During May of 2013 Edward Snowden, a previously contracted worker for Booz Allen Hamilton at a remote office in Hawaii, compromised millions of classified NSA documents. Snowden worked for Booz Allen for three months as a system administrator until he was terminated in June of 2013. Snowden, granted special privileges as a system administrator was able to access, copy and download files that other users would not have access to. Snowden also had no virtual signature on the servers, being that he was an administrator he had unrestricted clearance and could access and transfer classified files without raising any red flags.
Following his termination in June of 2013, Snowden released classified NSA documents to media sources to make available to the public. These documents held sensitive information regarding foreign informants, as well as surveillance measures that the NSA took to maximize security. One classified document Snowden released had information about a program called PRISM, which collects data on many servers such as those of Facebook and YouTube. Snowden also released classified documents regarding the bugging of foreign political offices, putting strain on foreign relations.
The first interaction between Snowden and the press was when Snowden reached out to a reporter for the newspaper The Guardian in May of 2013 asking for help in releasing the stolen information. Later that month Snowden sent the reporter a 41-page slideshow regarding a program called PRISM. Within the following two weeks, The Guardian published four of the forty-one slides. Since June of 2013, Snowden has released hundreds of documents ranging from details regarding the tracking of Verizon phone records to monitoring users on computer games such as World of Warcraft. Snowden fled to Hong Kong in June, and when the United States government was seeking extradition, he left for Russia and requested temporary asylum. Russian President Vladimir Putin granted the temporary asylum for one year under the conditions that he did not strain the relations between Russia and the United States further. Snowden now lives in Russia on his temporary asylum for the time being, trying to elude his espionage charges in the United States.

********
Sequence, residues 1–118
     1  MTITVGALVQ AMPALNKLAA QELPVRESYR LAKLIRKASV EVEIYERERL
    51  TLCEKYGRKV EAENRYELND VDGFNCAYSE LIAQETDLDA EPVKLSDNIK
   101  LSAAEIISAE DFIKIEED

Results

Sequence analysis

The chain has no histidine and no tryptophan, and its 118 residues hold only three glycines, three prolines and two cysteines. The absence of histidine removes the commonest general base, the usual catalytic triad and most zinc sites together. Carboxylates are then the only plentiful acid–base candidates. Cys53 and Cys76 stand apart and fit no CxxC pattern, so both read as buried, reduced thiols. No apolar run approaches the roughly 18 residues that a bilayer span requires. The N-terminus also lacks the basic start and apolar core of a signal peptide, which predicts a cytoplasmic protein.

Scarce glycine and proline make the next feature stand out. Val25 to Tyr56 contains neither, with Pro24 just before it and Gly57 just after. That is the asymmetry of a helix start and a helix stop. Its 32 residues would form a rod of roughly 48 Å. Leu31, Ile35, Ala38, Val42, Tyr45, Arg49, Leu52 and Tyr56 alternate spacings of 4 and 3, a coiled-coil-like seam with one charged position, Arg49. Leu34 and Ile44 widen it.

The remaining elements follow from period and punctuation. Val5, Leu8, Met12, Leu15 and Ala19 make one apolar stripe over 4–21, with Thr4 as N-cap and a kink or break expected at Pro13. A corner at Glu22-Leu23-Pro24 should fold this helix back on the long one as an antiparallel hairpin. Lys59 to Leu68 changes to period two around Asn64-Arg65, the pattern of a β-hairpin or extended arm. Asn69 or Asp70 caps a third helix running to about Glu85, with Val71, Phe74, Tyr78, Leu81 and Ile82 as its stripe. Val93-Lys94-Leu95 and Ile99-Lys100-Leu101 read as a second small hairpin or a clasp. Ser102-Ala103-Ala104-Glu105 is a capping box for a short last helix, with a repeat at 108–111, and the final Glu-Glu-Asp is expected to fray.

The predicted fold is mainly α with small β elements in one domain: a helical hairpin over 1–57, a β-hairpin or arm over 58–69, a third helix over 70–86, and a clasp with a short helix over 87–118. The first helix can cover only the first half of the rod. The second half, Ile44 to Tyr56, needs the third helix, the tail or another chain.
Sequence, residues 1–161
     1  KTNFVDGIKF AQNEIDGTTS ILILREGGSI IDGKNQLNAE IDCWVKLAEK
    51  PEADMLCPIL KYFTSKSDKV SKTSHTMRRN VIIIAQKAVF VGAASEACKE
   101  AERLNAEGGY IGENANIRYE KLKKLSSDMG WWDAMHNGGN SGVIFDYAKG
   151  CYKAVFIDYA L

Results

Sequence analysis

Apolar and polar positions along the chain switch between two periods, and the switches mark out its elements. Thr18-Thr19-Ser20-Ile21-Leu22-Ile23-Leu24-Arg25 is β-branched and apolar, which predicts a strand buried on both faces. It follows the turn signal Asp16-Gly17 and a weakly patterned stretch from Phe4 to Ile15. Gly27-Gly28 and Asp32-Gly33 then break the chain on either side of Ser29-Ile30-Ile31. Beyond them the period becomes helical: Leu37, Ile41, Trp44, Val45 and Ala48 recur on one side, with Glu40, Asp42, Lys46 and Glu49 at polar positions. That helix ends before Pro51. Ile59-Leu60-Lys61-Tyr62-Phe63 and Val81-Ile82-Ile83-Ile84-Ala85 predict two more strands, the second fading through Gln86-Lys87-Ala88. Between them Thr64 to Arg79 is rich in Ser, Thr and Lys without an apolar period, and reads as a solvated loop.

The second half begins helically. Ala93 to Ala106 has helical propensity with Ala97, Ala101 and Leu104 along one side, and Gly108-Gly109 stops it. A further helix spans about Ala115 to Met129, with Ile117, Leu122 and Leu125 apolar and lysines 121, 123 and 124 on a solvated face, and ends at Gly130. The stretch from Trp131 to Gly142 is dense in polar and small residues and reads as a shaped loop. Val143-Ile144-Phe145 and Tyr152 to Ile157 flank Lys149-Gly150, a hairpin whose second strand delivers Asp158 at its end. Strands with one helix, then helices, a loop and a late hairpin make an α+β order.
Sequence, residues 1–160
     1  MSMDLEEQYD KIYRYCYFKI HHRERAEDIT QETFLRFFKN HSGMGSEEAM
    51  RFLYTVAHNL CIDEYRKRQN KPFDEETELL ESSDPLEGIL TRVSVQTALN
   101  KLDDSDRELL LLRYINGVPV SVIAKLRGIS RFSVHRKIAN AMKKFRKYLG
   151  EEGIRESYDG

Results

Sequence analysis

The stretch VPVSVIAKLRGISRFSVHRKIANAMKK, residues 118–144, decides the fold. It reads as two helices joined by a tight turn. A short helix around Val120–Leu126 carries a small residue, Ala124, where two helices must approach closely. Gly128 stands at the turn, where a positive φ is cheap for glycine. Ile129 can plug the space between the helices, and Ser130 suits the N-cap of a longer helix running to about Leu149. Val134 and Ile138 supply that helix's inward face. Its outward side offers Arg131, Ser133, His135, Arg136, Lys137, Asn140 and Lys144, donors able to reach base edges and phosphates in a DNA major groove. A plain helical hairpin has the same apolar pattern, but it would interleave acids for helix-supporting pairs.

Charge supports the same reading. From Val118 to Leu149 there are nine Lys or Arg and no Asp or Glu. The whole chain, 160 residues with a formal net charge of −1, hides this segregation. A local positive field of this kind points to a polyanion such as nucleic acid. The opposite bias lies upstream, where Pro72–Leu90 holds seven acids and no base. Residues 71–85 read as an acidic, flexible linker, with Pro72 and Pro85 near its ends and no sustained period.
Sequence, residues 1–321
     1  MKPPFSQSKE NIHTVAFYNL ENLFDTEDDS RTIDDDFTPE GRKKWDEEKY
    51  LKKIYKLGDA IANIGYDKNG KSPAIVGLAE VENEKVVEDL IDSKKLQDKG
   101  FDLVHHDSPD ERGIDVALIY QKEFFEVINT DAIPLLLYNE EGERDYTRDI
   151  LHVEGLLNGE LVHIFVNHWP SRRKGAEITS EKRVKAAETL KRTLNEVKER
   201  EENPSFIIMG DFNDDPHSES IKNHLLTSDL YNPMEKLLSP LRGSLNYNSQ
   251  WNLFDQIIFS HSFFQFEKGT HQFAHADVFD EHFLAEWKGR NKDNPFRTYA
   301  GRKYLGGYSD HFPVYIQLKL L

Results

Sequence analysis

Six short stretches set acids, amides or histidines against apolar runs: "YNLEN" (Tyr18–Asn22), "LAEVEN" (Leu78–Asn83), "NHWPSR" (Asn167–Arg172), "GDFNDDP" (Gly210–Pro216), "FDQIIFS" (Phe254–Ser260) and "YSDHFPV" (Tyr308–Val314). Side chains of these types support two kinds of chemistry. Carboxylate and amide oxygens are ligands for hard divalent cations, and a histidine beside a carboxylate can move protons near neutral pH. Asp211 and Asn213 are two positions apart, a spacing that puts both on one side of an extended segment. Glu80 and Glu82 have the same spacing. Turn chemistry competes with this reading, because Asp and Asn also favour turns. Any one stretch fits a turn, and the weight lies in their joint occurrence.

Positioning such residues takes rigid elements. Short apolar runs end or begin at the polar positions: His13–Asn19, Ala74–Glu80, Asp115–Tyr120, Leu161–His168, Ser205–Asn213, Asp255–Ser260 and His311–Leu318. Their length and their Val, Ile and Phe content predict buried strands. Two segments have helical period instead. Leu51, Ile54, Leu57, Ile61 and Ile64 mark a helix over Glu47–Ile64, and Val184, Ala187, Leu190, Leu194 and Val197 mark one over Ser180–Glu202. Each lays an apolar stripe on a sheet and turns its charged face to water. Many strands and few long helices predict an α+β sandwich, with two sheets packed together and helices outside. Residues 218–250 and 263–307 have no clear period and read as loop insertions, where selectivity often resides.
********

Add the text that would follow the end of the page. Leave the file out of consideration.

Although opinions vary whether Snowden is a hero or a traitor, he has said that his intentions were not malignant. Edward released this information because he could not allow the federal government to “destroy privacy, internet freedom… [And] basic liberties around the world” (qtd. in Greenwald, MacAskill, and Poitras) and releasing the information was a step towards protecting those expectations of all people.
A controversial topic is whether Snowden is a whistle-blower or a malefactor. According to Susan Milligan, a political and foreign affairs writer for U.S. News, a whistle-blower is a “dedicated employee who comes to realize that there is corruption… happening at his or her workplace” and takes appropriate action to do what is right. Snowden...